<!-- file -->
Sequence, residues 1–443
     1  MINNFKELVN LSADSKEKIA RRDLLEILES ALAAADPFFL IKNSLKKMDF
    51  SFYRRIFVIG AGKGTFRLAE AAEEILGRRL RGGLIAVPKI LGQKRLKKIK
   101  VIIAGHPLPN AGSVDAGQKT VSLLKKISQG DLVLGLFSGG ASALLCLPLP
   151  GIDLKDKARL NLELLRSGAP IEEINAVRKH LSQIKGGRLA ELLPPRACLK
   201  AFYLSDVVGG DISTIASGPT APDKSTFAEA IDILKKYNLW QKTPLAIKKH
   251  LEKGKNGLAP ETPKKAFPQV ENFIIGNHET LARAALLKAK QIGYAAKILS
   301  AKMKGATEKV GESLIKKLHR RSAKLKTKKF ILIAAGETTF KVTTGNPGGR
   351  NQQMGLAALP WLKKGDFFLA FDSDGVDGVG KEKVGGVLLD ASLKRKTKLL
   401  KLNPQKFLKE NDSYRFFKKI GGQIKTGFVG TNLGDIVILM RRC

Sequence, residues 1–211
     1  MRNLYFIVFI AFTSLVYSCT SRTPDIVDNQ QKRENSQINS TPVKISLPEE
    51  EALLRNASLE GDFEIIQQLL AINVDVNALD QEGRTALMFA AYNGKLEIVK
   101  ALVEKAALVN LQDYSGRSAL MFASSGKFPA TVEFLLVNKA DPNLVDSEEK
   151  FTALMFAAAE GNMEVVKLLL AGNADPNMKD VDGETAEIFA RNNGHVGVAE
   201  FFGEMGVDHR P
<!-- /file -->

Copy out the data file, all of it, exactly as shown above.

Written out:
Sequence, residues 1–443
     1  MINNFKELVN LSADSKEKIA RRDLLEILES ALAAADPFFL IKNSLKKMDF
    51  SFYRRIFVIG AGKGTFRLAE AAEEILGRRL RGGLIAVPKI LGQKRLKKIK
   101  VIIAGHPLPN AGSVDAGQKT VSLLKKISQG DLVLGLFSGG ASALLCLPLP
   151  GIDLKDKARL NLELLRSGAP IEEINAVRKH LSQIKGGRLA ELLPPRACLK
   201  AFYLSDVVGG DISTIASGPT APDKSTFAEA IDILKKYNLW QKTPLAIKKH
   251  LEKGKNGLAP ETPKKAFPQV ENFIIGNHET LARAALLKAK QIGYAAKILS
   301  AKMKGATEKV GESLIKKLHR RSAKLKTKKF ILIAAGETTF KVTTGNPGGR
   351  NQQMGLAALP WLKKGDFFLA FDSDGVDGVG KEKVGGVLLD ASLKRKTKLL
   401  KLNPQKFLKE NDSYRFFKKI GGQIKTGFVG TNLGDIVILM RRC

Sequence, residues 1–211
     1  MRNLYFIVFI AFTSLVYSCT SRTPDIVDNQ QKRENSQINS TPVKISLPEE
    51  EALLRNASLE GDFEIIQQLL AINVDVNALD QEGRTALMFA AYNGKLEIVK
   101  ALVEKAALVN LQDYSGRSAL MFASSGKFPA TVEFLLVNKA DPNLVDSEEK
   151  FTALMFAAAE GNMEVVKLLL AGNADPNMKD VDGETAEIFA RNNGHVGVAE
   201  FFGEMGVDHR P